Retirement & Financial Planning Report

Marriage after retirement can have differing effects on an annuity, depending on the situation.

For retirees not married at retirement–either because they never married or because they are divorced and there isn’t a court order requiring a former spouse survivor benefit—and who marry and elect a survivor benefit, two things happen. First, the retiree’s annuity will be reduced by the same amount it would have been had that election been made at retirement. The actual dollar amount of the reduction would depend on whether the retiree elects a full or partial survivor annuity benefit. Second, the retiree’s annuity will be permanently reduced to pay for the deposit owed. That deposit equals the difference between the retiree’s new annuity rate and the annuity paid for every single month since retirement, plus 6 percent interest, divided by an actuarial factor based on the retiree’s age on the day the annuity is reduced.

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For a retiree who remarries a former spouse, if the divorce occurred before retirement and there wasn’t any court order requiring the retiree to provide a survivor annuity, the rules would be the same. However, if the retiree was married at retirement, later divorced, and subsequently remarried that person, what the retiree can do is limited. If that spouse had agreed to receive no survivor annuity, then the retiree can’t elect one at remarriage. If a partial annuity was elected, then the retiree can elect one that is no greater than the original amount. However, if a full survivor annuity was originally elected, a full survivor annuity can be elected now. The reduction in the retirees annuity would be calculated as described above and would be proportional to the amount elected for the survivor annuity.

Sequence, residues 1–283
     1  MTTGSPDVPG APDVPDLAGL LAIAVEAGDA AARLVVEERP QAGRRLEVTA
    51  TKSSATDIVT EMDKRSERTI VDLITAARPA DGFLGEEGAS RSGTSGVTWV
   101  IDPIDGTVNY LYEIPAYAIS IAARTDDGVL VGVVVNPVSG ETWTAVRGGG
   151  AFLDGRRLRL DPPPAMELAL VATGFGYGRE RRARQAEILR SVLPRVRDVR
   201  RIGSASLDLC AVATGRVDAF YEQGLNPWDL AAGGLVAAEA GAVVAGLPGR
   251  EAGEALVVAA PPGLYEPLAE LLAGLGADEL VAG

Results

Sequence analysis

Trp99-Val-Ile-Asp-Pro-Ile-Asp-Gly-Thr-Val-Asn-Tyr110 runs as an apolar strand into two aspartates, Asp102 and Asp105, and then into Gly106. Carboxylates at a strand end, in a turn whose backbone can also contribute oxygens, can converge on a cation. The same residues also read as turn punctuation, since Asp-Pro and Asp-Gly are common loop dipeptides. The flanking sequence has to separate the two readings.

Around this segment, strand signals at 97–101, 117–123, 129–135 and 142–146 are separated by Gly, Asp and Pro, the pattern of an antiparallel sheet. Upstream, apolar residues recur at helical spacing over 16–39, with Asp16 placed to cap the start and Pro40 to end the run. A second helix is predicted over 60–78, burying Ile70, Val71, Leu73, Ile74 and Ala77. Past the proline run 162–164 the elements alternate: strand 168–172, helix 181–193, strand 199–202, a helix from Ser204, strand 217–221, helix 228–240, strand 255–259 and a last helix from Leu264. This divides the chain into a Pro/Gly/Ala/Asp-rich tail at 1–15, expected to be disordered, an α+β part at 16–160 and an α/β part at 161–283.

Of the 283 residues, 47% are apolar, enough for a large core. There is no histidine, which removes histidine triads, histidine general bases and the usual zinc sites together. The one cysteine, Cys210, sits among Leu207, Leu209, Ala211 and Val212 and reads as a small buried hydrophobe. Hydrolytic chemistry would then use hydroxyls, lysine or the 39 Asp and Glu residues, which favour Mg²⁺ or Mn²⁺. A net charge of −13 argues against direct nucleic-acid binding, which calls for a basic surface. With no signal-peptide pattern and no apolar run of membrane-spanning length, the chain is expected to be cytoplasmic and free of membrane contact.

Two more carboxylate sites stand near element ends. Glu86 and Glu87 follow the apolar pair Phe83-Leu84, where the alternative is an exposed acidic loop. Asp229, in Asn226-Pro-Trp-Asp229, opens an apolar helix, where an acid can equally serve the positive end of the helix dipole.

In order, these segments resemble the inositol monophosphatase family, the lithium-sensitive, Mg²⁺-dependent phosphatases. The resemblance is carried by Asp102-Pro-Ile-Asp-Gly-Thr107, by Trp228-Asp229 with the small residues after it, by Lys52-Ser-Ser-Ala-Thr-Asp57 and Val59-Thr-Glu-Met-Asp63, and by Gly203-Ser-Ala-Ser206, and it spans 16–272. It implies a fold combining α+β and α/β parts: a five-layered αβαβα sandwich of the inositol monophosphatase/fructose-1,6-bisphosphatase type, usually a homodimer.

A retiree who marries or remarries has two years to decide whether to provide a survivor annuity to the newly acquired spouse. After that, no election if possible.

Note: Since last June, the above policies apply to legally recognized same-sex marriages. Those who had been in such marriages and who had been prevented from electing survivor benefits previously have until June 26 of next year to make such elections, subject to the same reductions.